Properly evaluating a product is essential when it comes to getting the results that you aim for. Otherwise, you run the risk of damaging your professional reputation.
So, you’ll need to establish a comprehensive product evaluation strategy in order to handle this obligation.
Wondering “what is interaction design?” Don’t worry — we’ve got all information that you need to know.
Let’s take a look.
Create an Evaluation Plan
As you might guess, coming up with a proper evaluation plan is the first step of interaction design that you need to take. This will serve as the framework for how you analyze the overall usability and quality of the product.
In general, you’ll focus on two primary attributes:
- The key metrics you will evaluate
- Managing the logistics of the evaluation itself
To elaborate on the latter point, this involves organizing test sessions for your product. This will allow you to gain valuable insight into how it functions, whether or not it meets current standards, and how users will experience it.
Depending on what you are currently developing, you may even need to conduct tests within a specific area (such as a lab.)
Regardless of how you intend to test your product, it’s essential that you plan out as many nuances as possible. This will prevent you from encountering contingencies as time goes on and allow you to stay focused.
Offer Feedback on the Product Design
Once you begin to analyze the product itself, you’ll need to offer actionable feedback.
This can occur in a handful of different settings. One of the most common is involving the product designers in observational analysis sessions.
This is a particularly useful method to take advantage of since it will give the designers a firsthand look at any issues that arise. Additionally, they’ll also learn which attributes of the product are the most viable.
Of course, it’s always possible to conduct a more conventional evaluation. This typically involves having a separate evaluation team conduct a comprehensive test of the product and then provide a written report.
From here, you can pass this information along to the appropriate parties so that any necessary changes can be made.
Determine Whether or Not Objectives Have Been Met
It should come as no surprise that this is one of the key metrics to determine. If the design objectives have been satisfied, you’ll need to document as much information as possible.
This will allow the designers to resolve outstanding issues with relative ease.
Interestingly, declaring that objectives have been met is a relatively involved process. Your team will need to communicate with the project sponsor and prove to them that your interactive media design meets all of their needs.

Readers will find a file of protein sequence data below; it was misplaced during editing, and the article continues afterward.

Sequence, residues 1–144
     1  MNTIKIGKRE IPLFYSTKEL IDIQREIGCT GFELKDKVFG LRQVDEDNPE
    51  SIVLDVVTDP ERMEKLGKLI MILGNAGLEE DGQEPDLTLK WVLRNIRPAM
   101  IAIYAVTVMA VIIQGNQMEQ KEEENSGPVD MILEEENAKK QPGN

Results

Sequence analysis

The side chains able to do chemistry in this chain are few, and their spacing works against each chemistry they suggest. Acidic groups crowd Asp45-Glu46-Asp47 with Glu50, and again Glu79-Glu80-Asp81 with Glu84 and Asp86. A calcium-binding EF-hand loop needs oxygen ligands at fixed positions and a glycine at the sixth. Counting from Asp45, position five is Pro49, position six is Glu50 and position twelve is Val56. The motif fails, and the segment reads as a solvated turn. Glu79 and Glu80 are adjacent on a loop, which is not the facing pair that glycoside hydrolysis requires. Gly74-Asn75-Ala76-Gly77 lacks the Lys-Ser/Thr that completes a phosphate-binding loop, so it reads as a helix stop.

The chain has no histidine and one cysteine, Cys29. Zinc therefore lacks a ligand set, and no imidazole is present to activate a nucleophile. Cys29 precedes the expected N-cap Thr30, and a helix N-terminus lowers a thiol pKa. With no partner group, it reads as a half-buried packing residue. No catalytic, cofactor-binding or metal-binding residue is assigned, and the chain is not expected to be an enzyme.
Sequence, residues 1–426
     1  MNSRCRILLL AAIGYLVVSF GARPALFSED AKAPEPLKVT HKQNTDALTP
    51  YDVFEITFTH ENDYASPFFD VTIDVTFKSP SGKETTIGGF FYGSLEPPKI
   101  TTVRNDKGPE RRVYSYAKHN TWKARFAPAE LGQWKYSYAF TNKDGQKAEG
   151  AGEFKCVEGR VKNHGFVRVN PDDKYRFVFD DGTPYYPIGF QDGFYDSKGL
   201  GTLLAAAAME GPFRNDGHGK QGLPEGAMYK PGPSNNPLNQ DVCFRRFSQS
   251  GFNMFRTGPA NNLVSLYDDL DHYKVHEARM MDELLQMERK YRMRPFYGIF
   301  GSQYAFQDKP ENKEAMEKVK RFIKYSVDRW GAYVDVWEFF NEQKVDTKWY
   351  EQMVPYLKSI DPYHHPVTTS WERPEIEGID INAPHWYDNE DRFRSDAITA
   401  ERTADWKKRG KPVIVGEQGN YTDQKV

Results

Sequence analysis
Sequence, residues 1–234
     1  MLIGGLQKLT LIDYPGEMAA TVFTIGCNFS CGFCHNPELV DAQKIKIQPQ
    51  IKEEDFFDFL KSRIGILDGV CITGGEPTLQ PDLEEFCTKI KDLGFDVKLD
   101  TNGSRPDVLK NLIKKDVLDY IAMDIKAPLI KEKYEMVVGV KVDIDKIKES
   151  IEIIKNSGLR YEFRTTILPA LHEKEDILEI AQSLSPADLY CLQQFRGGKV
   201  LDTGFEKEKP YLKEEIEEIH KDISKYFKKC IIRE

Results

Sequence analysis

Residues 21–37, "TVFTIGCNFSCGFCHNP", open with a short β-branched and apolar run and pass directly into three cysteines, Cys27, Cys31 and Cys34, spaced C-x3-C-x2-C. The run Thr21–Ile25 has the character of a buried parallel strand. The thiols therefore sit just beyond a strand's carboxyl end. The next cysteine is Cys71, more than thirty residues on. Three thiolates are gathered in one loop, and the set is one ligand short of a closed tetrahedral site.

A designated team will present the evaluation findings to the sponsor in order to eliminate the success of the product’s design.
In order to get the best results possible, it’s essential that you have the right professionals on your team. If you’re looking to hire a user interaction designer for your product, you can check out this resource to learn more.
Analyze Current Usability
Your product may feel like it should. It may even look exactly as intended. However, is it currently usable?
Analyzing the current usability of the product is yet another key aspect of the interaction design process. In order to fully test this attribute, you’ll need at least a beta version of the product.
For example, let’s assume that your team is developing proprietary software for a real estate broker. This program is intended to streamline the data that the broker collects about its high-priority leads.
Regardless of the other attributes of the software, this stage would involve showcasing exactly how the program works. Although the product might not be finalized at this point, it should still be able to function as intended.
In this context, the program might be required to aggregate lead data and then automatically sort this information based on potential conversion.
Falling short of these goals will have a large number of consequences, ranging from delayed deadlines to project termination.
Anticipate Long-Term Concerns
More often than not, major issues with products tend to arise over time as opposed to shortly after launch. In order to minimize the complications that you experience, you need to anticipate long-term concerns.
One of the most important attributes to consider is how user behavior will change as time goes on. As people become more and more familiar with the product, they may attempt to use it in a way that was not initially intended.
If you don’t accurately predict this change in behavior, you run the risk of customers or clients becoming dissatisfied and moving on to a competitor.
Using the above software example, people may not be very efficient in navigating the software first. As their familiarity with the product grows, they may wish to utilize it more quickly.
This means you should incorporate shortcuts, advanced tools, etc. that your more experienced users are able to take advantage of.
Product Evaluation Might Seem Difficult at First
However, the above info will help ensure that your product evaluation strategy covers all the aspects that it needs to. This will allow you to provide the best possible experience for your customers.